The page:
He also introduces the important term ethnie, a French word meaning "ethnic group", which is used to describe the pre-modern ethnic communities and contains six main attributes:
These six attributes suggest that ethnie is "anything but primordial", for which reason that ethnie is formed and constructed. Its formation is with two patterns: coalescence and division. The former unites separate units, while the latter functions conversely.
According to Smith's observation, there are four main mechanisms of ethnic self-renewal:
In order to understand "why and how does the nation emerge?", Smith identifies two types of ethnic community: the lateral (aristocratic) and the vertical (demotic).
In his more recent work, Smith has added the third route of nation formation: immigrant nations that consist of the fragments of other ethnies, such as the United States and Australia.
In their analysis of ethnosymbolism, Özkırımlı and Sofos argue that the focus of ethnosymbolism, as this has been formulated by Smith, is the relationship between modern nations and premodern ethnies.  Nations draw on ethnic symbols, myths, values and traditions they inherit from earlier ages and which they are associated with particular ethnies.
According to Smith there are three ways in which the past may influence the national present:
• Through the recurrence of the nation-form. The concept of the nation, Smith tells us, refers to a type of cultural resource and of human association that is potentially available in all periods of human history.
• Through established continuities. Continuity can be found in "collective proper names, language codes and ethnic landscapes, all of which may linger on, even after the community to which they were attached has all but vanished". These components may also provide the framework for the revival of the community in a new form. Smith refers to the Greeks as a good example of this revival through continuity of names, language and landscapes.
• Through appropriation and reinterpretation - exemplified in the tendency of later generations to rediscover, authenticate, and appropriate aspects of what they consider to be ‘their’ ethnic past.
Özkırımlı and Sofos argue against this unproblematic relationship between nations and ethnies suggesting that ethnosymbolist thinking is marked by ‘retrospective ethnicization’, that is, ethnicizes a complex, contradictory and ambiguous past and packages together disparate cultural and social traditions often unrelated to each other using the notion of ethnie. They argue that the nation is defined by the nationalists who also retrospectively construct the ethnies - "collections/collations of cultural practices established over time or invented, and forged together often arbitrarily, according to the judgement or needs of nation-builders—politicians or romantic folklorists, musicologists, educationalists and so on—most often the product of retrospective legitimation of the very processes that have underpinned nationalist projects".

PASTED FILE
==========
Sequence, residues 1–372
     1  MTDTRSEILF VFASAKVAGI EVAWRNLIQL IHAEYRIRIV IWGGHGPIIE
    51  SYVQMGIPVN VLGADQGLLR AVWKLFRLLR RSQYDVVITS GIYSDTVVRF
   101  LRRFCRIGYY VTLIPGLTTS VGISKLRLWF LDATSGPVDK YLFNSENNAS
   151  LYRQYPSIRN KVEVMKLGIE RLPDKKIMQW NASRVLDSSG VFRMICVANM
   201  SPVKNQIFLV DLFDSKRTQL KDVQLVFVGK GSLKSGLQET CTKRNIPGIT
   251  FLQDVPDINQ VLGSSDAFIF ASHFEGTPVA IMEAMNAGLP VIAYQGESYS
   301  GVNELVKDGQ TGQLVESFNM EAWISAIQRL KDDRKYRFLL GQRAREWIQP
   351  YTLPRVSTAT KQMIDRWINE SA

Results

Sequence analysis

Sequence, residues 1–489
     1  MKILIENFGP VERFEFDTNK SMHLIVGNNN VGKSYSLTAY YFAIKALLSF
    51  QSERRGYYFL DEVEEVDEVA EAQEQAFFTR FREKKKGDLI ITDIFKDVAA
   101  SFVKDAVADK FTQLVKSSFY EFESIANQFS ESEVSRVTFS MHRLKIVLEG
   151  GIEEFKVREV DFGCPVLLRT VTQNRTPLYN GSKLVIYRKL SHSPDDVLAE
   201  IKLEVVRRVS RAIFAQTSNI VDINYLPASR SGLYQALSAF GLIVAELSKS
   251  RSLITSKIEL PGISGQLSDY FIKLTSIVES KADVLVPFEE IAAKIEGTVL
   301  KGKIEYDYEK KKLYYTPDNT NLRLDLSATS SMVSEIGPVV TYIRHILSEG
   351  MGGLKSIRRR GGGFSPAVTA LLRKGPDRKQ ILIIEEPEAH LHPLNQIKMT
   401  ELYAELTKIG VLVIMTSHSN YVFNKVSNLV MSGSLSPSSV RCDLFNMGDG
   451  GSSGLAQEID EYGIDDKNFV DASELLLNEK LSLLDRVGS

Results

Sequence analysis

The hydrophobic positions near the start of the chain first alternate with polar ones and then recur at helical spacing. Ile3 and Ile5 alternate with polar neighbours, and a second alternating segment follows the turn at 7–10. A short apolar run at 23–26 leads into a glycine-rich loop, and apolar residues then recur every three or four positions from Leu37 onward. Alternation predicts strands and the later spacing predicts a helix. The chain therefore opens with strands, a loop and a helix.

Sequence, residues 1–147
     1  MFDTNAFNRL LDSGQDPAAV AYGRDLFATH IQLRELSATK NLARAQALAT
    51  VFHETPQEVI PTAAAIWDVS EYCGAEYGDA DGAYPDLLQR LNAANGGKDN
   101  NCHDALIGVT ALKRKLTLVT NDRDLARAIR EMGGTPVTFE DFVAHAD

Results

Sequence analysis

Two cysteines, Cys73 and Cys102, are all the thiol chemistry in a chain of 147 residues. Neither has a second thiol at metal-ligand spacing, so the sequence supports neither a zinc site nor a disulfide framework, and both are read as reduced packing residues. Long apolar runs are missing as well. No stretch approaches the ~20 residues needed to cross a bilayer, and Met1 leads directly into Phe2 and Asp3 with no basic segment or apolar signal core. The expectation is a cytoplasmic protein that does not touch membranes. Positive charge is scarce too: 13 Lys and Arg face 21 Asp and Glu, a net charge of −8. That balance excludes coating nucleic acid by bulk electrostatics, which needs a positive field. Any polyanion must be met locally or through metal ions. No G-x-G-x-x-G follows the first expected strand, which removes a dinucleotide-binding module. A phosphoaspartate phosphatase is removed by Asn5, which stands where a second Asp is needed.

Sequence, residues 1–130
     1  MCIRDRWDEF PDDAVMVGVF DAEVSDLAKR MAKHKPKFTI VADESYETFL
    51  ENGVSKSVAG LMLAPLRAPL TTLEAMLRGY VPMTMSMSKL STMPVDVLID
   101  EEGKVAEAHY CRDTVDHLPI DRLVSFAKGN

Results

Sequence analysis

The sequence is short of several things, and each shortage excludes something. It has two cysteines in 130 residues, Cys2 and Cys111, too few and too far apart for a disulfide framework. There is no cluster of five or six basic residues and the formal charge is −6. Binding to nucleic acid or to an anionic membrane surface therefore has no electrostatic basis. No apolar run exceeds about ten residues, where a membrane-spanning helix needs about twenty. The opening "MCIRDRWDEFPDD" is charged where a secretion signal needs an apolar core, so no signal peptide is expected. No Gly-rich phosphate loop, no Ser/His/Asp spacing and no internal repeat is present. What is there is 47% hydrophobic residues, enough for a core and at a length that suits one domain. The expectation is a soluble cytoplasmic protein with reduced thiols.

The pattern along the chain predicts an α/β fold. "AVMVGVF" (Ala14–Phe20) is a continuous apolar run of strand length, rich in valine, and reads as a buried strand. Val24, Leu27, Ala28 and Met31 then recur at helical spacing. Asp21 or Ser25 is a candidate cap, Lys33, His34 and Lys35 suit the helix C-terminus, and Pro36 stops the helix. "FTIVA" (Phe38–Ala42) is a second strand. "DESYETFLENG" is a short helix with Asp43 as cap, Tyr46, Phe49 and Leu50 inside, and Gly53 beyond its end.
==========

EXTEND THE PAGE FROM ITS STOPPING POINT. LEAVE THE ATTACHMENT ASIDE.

John Hutchinson was supervised by Smith while undertaking his PhD at the London School of Economics. His primary contribution to ethnosymbolism is the theory of cultural nationalism in the Dynamics of Cultural Nationalism (1987).
He separates nationalism into political nationalism and cultural nationalism, which are different, even competing conceptions of the nation, and "have sharply diverging political strategies".
Political nationalists are essentially cosmopolitan rationalists whose conception of nation "looks forward ultimately to a common humanity transcending cultural differences". Although the fact that the world has been divided into multiple political communities has forced them to work within existing borders, political nationalists' objectives are to "secure a representative state for their community so that it might participate as an equal in the developing cosmopolitan rationalist civilization". Nationalism in most West European states after 18th century meets the criterion of political nationalism, which is also the nationalism that modernists including Eric Hobsbawm and Benedict Anderson refer to in their works.
On the contrary, cultural nationalists believe that humanity is "infused with a creative force which endows all things with an individuality" similar to nature. They regard the state being accidental since a nation is essentially its distinctive civilisation which is "the product of its unique history, culture and geographical profile". Nations are organic entities and living personalities. In perspectives of cultural nationalists, nation is on the passions implanted by nature and history rather than "mere" consent or law. As the organic entity, conflict, generally between ageing traditionalists and the educated young, is not only inevitable for nation but also indispensable for nation's continuous renovation and regeneration. Such conclusion of features of cultural nationalism is based upon Hutchinson's observation of nationalism of late nineteenth century India and China, respectively represented by Swami Vivekananda and Liang Qichao. On the other hand, cultural nationalism hardly draws attention from theories of modernism.
Not only has he challenged modernism in his earlier works, he has also engaged postmodernism in his more recent works, especially in Nations as Zones of Conflict (2005).